Bottom Line: For new users, this is probably the best of mainstream options simply because of how much support exists. The number of tools and plugins available dwarfs the competing platforms and development is always active. If you have the time to code your own stuff and don’t rely on plugins as much, looking at other options might be beneficial, especially when it comes to web-based management and security.
- The first stable release of Movable Type Open Source (MTOS) is now available, a return of sorts to the pre-2004 licensing brouhaha.
- Once installed, is very easy to manage from the Dashboard.
- Lots of plugins and themes are available (be sure to check that they are compatible with your installation)
- MTOS and MT 4.1 have some really great built-in features like multi-user support, OpenID, custom fields, author avatars, etc.
- Again, the company behind the project is self-sustaining and not likely to disappear anytime soon.
- The installation is a bitch. A total, total bitch. I’ve finally got it down so that I can get it running as fast as I can get WordPress set-up, but it took far too much time and too much documentation to figure it out. You have CHMOD all the CGI files, which is fine, but then you have to make sure that your server can support CGI enabled folders, otherwise the CGI has to go in a separate place. Then there’s the whole “mt-static” quandary. I didn’t have to move my CGI scripts or the “mt-static” folder, but the documentation wasn’t overtly clear about how those two steps are not always required. Install is a total, total bitch.
- They are still trying to push the commercial vein for Movable Type 4.1. I get and understand that, but I have questions about how frequently MTOS will be updated and what kind of community support it will truly have.
- The development community isn’t as active as WordPress and many of the styles and plugins are for older versions of the software.
Bottom Line: After it’s installed, this is a pretty elegant CMS with a nice interface and lots of available options. It isn’t as supported by the community as WordPress but many of the built-in features take care of some of those problems. If you truly want your blog to be an extension of your web page and manage both together, MTOS seems to do a better job, especially with Static Content, than WordPress.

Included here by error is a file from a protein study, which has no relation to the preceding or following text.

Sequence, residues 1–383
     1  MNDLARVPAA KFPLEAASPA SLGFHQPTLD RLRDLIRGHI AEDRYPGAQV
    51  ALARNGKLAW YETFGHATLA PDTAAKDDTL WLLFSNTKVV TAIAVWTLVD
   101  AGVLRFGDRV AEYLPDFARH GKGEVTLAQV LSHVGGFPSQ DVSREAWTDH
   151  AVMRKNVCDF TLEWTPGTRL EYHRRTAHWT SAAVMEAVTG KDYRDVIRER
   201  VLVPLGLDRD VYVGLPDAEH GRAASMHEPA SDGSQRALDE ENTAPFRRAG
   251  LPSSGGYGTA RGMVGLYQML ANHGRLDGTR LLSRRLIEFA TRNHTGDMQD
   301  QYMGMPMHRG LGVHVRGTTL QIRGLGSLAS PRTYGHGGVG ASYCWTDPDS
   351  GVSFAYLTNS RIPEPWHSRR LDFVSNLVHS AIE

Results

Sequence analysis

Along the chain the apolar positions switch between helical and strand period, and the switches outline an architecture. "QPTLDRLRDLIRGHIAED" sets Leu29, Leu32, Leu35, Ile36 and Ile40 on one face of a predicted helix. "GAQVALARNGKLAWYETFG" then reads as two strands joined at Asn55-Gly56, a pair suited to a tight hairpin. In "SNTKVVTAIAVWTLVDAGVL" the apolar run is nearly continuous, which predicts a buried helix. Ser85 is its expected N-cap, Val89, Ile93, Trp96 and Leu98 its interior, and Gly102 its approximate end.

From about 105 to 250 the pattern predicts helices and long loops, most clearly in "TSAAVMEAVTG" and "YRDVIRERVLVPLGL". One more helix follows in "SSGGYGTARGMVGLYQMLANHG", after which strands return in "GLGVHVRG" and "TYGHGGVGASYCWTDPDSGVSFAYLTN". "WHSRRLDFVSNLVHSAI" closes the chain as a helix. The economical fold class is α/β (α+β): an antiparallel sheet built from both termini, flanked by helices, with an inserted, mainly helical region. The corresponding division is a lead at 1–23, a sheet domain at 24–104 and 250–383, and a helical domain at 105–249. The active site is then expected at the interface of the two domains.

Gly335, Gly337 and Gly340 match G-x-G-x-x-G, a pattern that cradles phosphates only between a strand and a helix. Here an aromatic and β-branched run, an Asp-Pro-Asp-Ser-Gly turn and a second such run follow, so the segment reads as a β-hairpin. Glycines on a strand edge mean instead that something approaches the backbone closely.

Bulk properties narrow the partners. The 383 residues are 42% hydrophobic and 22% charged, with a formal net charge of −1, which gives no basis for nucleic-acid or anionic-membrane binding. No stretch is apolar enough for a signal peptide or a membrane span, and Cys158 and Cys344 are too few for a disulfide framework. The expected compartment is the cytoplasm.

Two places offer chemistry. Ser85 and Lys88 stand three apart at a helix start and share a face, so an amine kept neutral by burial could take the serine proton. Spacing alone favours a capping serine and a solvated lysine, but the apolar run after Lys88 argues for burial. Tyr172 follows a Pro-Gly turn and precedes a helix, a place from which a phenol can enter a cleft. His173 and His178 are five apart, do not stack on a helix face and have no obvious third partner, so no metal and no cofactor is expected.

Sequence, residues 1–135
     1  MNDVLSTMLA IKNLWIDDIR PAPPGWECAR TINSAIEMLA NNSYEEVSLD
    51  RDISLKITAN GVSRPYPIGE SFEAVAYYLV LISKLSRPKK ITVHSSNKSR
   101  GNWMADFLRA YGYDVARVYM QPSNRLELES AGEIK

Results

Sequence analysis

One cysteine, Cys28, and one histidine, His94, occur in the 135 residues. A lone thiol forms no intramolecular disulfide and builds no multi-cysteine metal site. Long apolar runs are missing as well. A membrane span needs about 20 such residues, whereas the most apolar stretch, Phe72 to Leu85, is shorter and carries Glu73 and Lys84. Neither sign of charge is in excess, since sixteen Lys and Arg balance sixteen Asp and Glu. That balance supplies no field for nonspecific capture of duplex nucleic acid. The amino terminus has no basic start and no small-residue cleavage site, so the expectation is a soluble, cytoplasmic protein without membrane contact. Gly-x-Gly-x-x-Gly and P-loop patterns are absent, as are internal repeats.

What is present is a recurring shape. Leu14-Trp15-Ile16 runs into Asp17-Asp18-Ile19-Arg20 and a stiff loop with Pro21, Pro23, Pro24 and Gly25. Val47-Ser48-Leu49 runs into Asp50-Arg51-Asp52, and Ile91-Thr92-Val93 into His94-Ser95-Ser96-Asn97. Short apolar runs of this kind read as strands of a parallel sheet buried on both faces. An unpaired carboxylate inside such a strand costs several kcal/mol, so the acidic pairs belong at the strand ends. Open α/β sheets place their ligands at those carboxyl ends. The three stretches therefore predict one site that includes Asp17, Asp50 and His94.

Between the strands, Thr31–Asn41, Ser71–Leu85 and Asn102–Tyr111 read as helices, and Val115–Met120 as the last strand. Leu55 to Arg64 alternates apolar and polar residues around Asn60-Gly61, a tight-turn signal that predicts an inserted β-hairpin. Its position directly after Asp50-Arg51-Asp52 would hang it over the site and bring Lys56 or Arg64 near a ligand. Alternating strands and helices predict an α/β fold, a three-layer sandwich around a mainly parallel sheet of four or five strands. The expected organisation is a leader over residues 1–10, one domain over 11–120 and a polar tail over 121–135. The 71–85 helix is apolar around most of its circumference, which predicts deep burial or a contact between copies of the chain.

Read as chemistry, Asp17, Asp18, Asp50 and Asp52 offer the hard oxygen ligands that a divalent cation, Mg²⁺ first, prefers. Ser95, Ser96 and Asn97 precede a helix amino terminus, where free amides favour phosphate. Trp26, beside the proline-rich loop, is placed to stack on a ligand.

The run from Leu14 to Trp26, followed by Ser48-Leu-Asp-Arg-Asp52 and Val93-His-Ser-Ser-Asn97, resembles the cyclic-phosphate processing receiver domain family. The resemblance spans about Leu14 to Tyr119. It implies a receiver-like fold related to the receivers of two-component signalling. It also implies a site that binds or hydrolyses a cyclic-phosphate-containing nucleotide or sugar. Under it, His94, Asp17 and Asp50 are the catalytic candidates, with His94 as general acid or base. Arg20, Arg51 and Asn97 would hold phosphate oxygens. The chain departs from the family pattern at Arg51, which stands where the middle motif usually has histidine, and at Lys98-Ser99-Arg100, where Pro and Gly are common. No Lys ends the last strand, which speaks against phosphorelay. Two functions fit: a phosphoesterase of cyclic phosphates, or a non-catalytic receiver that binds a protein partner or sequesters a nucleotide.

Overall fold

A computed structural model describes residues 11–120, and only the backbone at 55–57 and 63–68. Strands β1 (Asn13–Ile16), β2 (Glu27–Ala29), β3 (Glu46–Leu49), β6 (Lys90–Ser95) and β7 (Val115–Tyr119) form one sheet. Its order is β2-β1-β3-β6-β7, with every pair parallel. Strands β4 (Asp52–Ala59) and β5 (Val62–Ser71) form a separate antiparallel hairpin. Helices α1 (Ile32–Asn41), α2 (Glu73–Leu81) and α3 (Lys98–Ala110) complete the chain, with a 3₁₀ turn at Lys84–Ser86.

- Very secure
- A true CMS, very dynamic/scalable
- Active development community (caveat, not the same as active style/theme community)
- Very easy to manage more than one site or multiple users
- If you want to customize the look of your blog, there aren’t as many pre-built solutions. In fact, most of them are ports or Zen Garden derivatives. I haven’t had a chance to figure out how Drupal 6 themeing works, but you’ll want to take the time to learn if you want to customize your interface
- As active as the development community is, most are geared more towards performance and backend support, not so much user plugins that are popular on WordPress. Keep this in mind.
Bottom Line: I really, really like Drupal and if you are running a large site or considering hosting multiple blogs, I think it is far better than WordPress MU. That said, the community, as nice as they are, are much more geared towards people who know what they are doing. That isn’t to say that beginners can’t use the system, but the level of hand-holding isn’t there. If you want to learn or already have PHP knowledge, it’s a great system.
- Easiest to install — WordPress is faster but Joomla is actually easier. It walks you through all the configuration steps and MySQL setup.
- Very elegant interface
- Default styling options are really attractive
- Vibrant and supportive community
- Understanding the template, plugin and integration structures takes time. Don’t expect to pick this up in an afternoon — spend the weekend to learn the basics
- Third party styling isn’t as robust as some of the others.
- Although there are tons of great plugins, it can be difficult to find out where they are.
- The community is great and aims to help users as much as possible but it can still be overwhelming for total n00bs